The Design Secrets of Breath of the Wild
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This is beautiful, great work. Would love to walk around in this city

by MSG
9 hours ago

Wow, I am 22 years and self thought still trying to be a good artist, I am using blender in a country where no one cares. Thanks a lot for this inspiring article. I am not as good as this, you are very good.

by Netraraj Pun
15 hours ago

Awesome. Really great tips for beginners like me to start working correctly.

The Design Secrets of Breath of the Wild
4 October, 2017

A month ago Nintendo developers talked about the way they managed to build Switch masterpiece called The Legend of Zelda: Breath of the Wild. Can you read Japanese? Then head to 4Gamer and read the original version. No? Capcom’s Matt Walker can help you. 

In a series of Twitter posts Walker translated some of the most useful parts of a talk given game’s director Fujibayashi Hideyuro and senior lead artist Makoto Yonezu. 

First of all, the team managed tasks by integrating their management tools with the game, so there was no need to do the same thing twice.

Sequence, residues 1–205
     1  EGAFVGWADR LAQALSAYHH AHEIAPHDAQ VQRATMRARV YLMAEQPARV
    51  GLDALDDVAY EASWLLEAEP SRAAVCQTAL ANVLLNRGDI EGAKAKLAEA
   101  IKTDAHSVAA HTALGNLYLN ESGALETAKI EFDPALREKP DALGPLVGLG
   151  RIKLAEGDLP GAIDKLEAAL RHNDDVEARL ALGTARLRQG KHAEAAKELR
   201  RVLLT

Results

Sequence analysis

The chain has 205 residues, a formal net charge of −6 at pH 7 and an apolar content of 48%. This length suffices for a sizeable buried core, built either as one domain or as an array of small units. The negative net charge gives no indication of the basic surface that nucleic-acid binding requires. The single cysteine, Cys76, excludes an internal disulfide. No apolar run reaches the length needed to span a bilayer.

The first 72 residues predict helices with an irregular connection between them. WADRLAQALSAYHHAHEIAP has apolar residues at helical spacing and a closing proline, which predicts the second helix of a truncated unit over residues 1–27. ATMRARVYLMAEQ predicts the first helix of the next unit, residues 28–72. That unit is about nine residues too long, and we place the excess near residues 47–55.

They could create a task by setting up a sign in the world, so that all related specs and meeting details related to it could be readily available by just clicking. They’ve also added a “field task view” for higher level items.

What a great way for a huge team to bounce ideas off of each other in regards to the task!

The team also discussed the “Triangle Rule”. By using triangles they could give players a choice as to whether to go straight over the triangle, or around it.

The triangles is also said obscure the player’s view, so the team used them to surprise players, making them wonder what they’ll find on the other side.

There were also some more visually interesting examples, like Korok seeds.

There are 3 different scales behind this principle for different objectives.

The team also used rectangles, which are good for completely hiding something from sight.

Go to Matt Walker‘s Twitter page to learn more the production process behind the latest Zelda or check out this PDF file with the same info. 

Source: Matt Walker

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